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Language and Artworks



I once wrote about AI learning a “language” to communicate among themselves (and “encrypting” it so that outsiders or other systems can’t understand it). Recently, there has been a new development regarding language and AI. This special attempt seeks to decrease visible content that “AI can see” and turning it into symbols, similar to artworks, that another AI can mutually understand. Come to think of it, it is similar to Chinese characters or Egyptian hieroglyph.

We know that Chinese characters originate from Oracle Bone Script. They are characters written on animal leather or bones in the 2nd millennium BCE. This ancient character looks somewhat like drawings wherein the character for the sun is a circle with a dot at the center or the character for water is curving lines and drops of water on the sides. As time past, the letters evolve to become more systematic and substituting more abstract meanings. Later, it became the characters that we see and use today. 

This type of character is called the Logographic system, meaning it uses characters in place of words or phrases. There is historical evidence that this system is part of languages in Africa, China, and Central America. However, a language solely relying on Logogram may not make lives any easier (except for languages with no speakers such as the Toki Pona that was constructed with only 120 words). Therefore, most languages rely on Logogram coupled with classifiers or other elements to construct dialogues to completely and meaningfully communicate. 

So, what does this got anything to do with AI?

Tom White, a computational design professor at Victoria University of Wellington School of Design developed an AI that can classify objects and turn them into meaningful symbols. This resulted in abstract artworks and Tom White named the system the “Perception Engine”.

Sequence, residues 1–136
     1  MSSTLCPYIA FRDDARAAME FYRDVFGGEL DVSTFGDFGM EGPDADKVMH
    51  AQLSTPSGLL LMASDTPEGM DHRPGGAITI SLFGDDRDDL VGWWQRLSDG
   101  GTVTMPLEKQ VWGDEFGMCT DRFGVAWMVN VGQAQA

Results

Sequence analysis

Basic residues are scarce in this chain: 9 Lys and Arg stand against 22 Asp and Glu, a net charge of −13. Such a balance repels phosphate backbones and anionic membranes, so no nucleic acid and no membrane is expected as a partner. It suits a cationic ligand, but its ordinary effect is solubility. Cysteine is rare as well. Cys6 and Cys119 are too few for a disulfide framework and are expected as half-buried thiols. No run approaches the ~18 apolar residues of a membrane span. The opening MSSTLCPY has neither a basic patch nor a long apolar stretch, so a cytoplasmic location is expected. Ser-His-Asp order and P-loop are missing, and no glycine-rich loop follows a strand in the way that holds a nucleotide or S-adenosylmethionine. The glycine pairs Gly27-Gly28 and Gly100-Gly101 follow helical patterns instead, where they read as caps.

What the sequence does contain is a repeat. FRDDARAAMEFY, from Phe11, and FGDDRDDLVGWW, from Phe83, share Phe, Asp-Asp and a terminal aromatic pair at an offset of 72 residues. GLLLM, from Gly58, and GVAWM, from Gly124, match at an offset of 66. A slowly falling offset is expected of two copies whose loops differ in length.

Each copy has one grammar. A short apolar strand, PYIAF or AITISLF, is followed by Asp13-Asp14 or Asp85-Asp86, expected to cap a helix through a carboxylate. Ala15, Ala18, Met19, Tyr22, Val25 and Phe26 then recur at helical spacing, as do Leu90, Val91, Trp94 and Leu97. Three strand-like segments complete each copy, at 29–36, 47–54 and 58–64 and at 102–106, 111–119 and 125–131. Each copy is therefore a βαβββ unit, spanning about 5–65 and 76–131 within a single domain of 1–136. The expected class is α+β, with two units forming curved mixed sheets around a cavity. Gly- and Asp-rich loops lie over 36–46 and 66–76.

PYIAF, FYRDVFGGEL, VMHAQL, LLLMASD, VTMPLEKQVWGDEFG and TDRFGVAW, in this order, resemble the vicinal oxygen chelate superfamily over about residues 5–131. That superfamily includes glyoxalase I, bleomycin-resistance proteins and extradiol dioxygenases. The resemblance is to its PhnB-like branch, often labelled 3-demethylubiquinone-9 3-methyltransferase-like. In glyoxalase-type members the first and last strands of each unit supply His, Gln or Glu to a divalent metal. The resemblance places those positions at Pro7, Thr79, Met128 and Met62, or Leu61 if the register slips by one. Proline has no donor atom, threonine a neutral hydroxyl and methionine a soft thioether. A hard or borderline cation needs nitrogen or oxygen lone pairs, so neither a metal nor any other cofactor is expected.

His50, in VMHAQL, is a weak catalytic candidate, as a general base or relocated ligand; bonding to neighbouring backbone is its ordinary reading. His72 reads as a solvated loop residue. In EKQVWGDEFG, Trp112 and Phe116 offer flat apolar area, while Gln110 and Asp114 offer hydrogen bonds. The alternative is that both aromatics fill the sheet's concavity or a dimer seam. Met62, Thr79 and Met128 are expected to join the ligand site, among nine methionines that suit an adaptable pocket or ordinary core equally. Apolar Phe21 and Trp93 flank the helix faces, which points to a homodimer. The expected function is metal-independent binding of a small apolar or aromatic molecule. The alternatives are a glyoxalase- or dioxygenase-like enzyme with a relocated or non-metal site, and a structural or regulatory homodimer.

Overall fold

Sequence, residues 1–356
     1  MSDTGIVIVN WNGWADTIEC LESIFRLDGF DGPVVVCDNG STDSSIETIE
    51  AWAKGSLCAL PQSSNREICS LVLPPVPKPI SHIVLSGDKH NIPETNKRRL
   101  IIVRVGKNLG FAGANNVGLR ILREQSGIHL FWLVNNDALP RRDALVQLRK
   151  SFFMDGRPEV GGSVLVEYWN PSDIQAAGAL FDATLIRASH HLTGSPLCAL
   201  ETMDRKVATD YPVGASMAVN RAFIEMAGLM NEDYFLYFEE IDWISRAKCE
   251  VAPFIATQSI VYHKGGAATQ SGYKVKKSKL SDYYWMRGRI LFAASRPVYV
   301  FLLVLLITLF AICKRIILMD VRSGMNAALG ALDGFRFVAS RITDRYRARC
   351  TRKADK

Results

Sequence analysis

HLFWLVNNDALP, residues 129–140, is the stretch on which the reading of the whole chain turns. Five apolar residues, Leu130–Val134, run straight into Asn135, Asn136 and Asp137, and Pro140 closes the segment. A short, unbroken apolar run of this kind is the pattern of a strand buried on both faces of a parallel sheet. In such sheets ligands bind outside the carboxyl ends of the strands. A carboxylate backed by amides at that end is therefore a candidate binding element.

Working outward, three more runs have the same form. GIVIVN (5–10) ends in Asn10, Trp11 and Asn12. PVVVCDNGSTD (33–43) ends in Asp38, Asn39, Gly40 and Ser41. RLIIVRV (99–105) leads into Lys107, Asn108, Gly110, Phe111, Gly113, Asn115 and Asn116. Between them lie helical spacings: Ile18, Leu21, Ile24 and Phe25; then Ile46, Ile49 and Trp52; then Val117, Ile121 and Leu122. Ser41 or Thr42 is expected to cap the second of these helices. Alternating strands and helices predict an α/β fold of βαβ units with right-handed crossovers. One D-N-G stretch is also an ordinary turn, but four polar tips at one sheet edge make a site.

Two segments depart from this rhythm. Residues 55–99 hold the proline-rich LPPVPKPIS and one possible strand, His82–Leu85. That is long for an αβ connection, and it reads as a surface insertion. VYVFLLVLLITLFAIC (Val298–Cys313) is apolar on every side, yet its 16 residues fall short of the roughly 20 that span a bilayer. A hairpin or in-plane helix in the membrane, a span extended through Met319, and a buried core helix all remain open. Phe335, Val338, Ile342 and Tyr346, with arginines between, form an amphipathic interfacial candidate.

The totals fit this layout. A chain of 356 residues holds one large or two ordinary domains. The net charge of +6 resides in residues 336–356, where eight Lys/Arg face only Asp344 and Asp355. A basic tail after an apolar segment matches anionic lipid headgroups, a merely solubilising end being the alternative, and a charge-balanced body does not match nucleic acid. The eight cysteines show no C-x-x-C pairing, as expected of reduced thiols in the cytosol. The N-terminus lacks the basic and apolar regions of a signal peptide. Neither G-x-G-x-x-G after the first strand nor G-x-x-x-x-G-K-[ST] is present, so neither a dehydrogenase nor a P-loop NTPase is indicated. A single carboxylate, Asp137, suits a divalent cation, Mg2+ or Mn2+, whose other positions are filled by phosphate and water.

(The artworks are intentionally named to mimic Belgian artist, Magritte’s “This is not a pipe”.)


White began by questioning whether we can create abstract work from substantial sets of images. He is aware that, today, AI can precisely classify images and objects (such as distinguishing dogs from cats or determining how many people are in the photo). However, what he wants to know is that after AI has seen numerous images of a certain object, can they define the core or common essence of such object (such as an electric fan must have blades and a central motor). His system consisted of three parts, planning, drawing, and creative objective, all three systems work together.



The fundamental of the experiment is that after the system has created the image that represents the object, White tested the images by asking another AI to interpret them. The AI that decides (somewhat like audiences) were not involved in the creating process. (However, the interpretation was multiple choices, not open-ended questions. Similar to when you are asked to look at a picture and given choices to choose what you see).  



The fact that only AI can precisely interpret the images (not so many humans can define what AI intended to create), the FastCompany magazine is calling Tow White’s work “Art by AI, for AI”. White’s artwork (and the AI. - Oh! or is it AI’s work in collaboration with White?) is for sale under the name The Treachery of ImageNet on BigCartel.